I am no fan of jargons as unlike simple words they don’t focus on the meaning i.e. clarity of thought. But one term mainly used in B-schools, firms or you can say the business world has been intriguing me a great deal. In fact if you go deep into its meaning, you would find that its influence lies beyond the corporate world. The term that I am referring to is “Thought Leadership”.
Let me first define a “Thought Leader”. The common definition is “an entity that is recognized for having innovative ideas”. So one can display thought leadership by coming up with new ideas irrespective of his/her position or stature in the organisation. But as s/he is advocating innovative ideas that are new to the audience at large, s/he should have the required credibility and the capability to explain it with conviction. As another definition puts it, “What differentiates a thought leader from any other knowledgeable company, is the recognition from the outside world that the company deeply understands its business, the needs of its customers, and the broader marketplace in which it operates.” Thus even if coming up with new ideas is easy, gaining credibility isn’t. A thought leader should have the willingness to risk group rejection in the pursuit of a newer method. So we can say that there is a touch of rebellious attitude in a thought leader.
Leadership is about managing changes whereas management is about implementing them. So there is a general consensus that “Thought leadership ends when the target audience accepts the idea”. Thus we can say that thought leadership is about engaging with your responsibilities, connecting with your audience and packaging your ideas. A Harvard Business Review blog mentions the following as the six steps to position yourself as a thought leader.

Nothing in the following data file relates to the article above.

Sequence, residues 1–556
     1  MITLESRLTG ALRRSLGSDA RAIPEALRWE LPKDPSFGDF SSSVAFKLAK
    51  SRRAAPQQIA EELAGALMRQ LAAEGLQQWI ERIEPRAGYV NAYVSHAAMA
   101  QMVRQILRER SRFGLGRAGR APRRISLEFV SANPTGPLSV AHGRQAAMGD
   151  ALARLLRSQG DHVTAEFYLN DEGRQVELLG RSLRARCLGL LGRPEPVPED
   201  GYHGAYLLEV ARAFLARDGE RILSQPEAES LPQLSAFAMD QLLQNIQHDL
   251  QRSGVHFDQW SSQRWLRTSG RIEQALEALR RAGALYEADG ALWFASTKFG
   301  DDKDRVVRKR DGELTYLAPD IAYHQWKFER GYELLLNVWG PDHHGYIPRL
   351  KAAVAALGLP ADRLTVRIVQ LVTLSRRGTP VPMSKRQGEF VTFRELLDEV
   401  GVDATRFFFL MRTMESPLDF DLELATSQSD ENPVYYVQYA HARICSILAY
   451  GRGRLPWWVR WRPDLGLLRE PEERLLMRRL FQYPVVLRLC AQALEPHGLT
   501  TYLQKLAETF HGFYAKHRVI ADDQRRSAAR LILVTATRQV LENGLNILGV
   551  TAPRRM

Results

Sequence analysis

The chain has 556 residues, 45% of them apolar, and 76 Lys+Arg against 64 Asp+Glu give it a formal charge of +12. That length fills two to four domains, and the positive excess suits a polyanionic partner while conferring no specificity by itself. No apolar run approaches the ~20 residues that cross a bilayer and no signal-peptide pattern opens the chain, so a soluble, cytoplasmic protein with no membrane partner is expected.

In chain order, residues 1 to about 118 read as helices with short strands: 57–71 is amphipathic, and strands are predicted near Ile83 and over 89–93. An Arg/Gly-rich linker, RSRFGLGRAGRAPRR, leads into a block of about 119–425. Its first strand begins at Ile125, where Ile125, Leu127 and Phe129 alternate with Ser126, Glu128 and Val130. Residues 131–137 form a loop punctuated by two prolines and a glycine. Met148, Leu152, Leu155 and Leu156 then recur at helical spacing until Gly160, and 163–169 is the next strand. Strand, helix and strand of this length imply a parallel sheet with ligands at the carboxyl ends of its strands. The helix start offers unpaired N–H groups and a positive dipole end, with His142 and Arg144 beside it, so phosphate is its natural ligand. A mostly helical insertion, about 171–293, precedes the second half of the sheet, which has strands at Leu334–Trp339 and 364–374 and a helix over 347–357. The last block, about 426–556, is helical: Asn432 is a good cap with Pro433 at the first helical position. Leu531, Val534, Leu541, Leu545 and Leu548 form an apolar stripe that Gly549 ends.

- Create a Robust Online Presence
- Flaunt High-Quality Affiliations
- Give Public Speeches
- Appear on TV
- Win Some Awards
- Publish a Book
Using these insights we can say that thought leaders should have the visibility, recognition as well as a social network to succeed in their endeavors. Some hallmarks of thought leadership are focus, novelty, relevance, validity, practicality, rigor and clarity.
Now we will consider two examples of thought leadership from different walks of life:
Karl Marx: Marxism may have influential presence in only a handful of nations nowadays but there is hardly a thinker as influential as Karl Marx in modern history. His ideas led to the establishment of governments adhering to Marxism across much of the world, and his intellectual thought has heavily influenced the academic study of the humanities and the arts. In fact some philosophers compare his impacts with the founders of two religions i.e. Jesus Christ and Muhammad. In July 2005, 27.9% of listeners in a BBC Radio 4 series “In Our Time” poll selected Marx as their favourite thinker.
Consulting firms: Thought leadership is mainly a management jargon and thus it wasn't a surprise that the term was coined in 1994, by Joel Kurtzman, editor-in-chief of the Booz, Allen & Hamilton magazine, a consulting firm. Management consulting firms have, on a continuous basis, influenced the business world by propagating their best practices and frameworks. The 7S framework of Mckinsey and the BCG matrix are some of the examples. Though such firms are losing out on prominence nowadays as they package and present the opinions of others, rather than take an opinion or lead on an issue in their own right.
Thus even though thought leadership is being used loosely nowadays with everybody claiming to be one but one can say that to make an impact organisations as well as individuals need to take it up with conviction and sincerity.